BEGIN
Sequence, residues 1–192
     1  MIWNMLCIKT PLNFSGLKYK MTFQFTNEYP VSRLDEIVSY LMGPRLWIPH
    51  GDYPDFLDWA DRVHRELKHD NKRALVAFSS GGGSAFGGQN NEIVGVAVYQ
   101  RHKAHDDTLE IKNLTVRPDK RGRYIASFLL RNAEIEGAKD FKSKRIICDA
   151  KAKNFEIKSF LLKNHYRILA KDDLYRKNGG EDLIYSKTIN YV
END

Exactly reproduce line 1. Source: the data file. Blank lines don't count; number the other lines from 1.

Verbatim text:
Sequence, residues 1–192